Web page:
Protestors against the Stay at Home order showed up at the Arizona State Capitol

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Jason White

Protestors gather at the Phoenix State Capital to Reopen Arizona

Ivana Venema-Nunez , Reporter

On Friday a couple hundred protestors gathered at the Arizona State Capitol to demand to lift Governor Doug Ducey’s stay-at-home executive order that was extended until May 15 on Wednesday.

Protestors chanted “end the lockdown”, holding signs stating “As temp rise, the virus dies” and “Ducey let my people go”—even though there is not enough evidence among the medical community about the contention that the heat will slow the virus to the point of being “safe” to reopen communities.

At a similar protest last week, counter protestors showed up including medical personnel and Arizona nurses.

Some of the protestors taunted the nurses as they tried to tell them to at least wear masks and keep six feet apart.

People across the nation and the globe are angry at the protestors and feel that they are being careless and potentially risking others by demanding to be in public with no protection or regard for the safety of others.

Sweden has approached the pandemic differently and in the middle of April, when the curve of the pandemic was raising everywhere in Sweden the economy was open, restaurants, cafes and schools are reportedly still open.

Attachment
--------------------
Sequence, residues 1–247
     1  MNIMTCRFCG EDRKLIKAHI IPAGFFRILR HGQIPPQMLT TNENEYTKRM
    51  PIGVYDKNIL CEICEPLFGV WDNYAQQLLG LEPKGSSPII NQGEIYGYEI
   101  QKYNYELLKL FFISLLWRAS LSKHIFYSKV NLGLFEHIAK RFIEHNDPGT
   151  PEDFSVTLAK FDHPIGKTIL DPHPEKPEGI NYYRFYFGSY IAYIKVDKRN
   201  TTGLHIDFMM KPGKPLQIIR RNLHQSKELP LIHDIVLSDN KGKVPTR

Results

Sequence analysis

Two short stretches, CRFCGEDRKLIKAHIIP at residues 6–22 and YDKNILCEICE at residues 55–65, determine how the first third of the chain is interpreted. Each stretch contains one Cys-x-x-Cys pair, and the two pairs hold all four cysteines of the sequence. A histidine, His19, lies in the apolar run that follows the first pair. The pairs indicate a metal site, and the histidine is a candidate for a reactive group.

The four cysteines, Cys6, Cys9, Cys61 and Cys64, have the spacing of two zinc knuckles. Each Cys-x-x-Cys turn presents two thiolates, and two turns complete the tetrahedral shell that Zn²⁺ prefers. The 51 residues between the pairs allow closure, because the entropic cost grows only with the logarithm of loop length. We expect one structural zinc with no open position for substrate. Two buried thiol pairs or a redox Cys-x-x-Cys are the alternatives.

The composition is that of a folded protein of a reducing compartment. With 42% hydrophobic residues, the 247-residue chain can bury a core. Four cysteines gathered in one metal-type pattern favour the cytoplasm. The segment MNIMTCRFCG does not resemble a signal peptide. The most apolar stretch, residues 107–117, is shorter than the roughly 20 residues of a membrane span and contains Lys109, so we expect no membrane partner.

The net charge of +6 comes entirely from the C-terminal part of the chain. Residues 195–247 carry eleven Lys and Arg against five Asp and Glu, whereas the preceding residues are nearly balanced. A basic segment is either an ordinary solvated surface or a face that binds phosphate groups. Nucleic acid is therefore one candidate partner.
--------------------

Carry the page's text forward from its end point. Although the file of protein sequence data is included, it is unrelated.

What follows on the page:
In an interview conducted by NPR, a Swedish journalist, Sanna Björling explains the experience.

“I think most people that I know and talk to – they support the recommendations that we have, and they support the guidelines. But they all – but they – we don’t really know yet what the outcome will be. It’s really too early to say. But so far, it seems to be working.” Bjorling said.

However, the Swedish CDC recommended social distancing and to only leave home for necessities —and at that time it was too early to determine what the outcome would be.

The outcome is reportedly significant—as of April 16, Sweden has 18,640 confirmed cases of Covid-19 and 2,194 deaths, making Sweden’s numbers of 217 deaths per 1 million people significantly higher than, Norway, Finland and Denmark.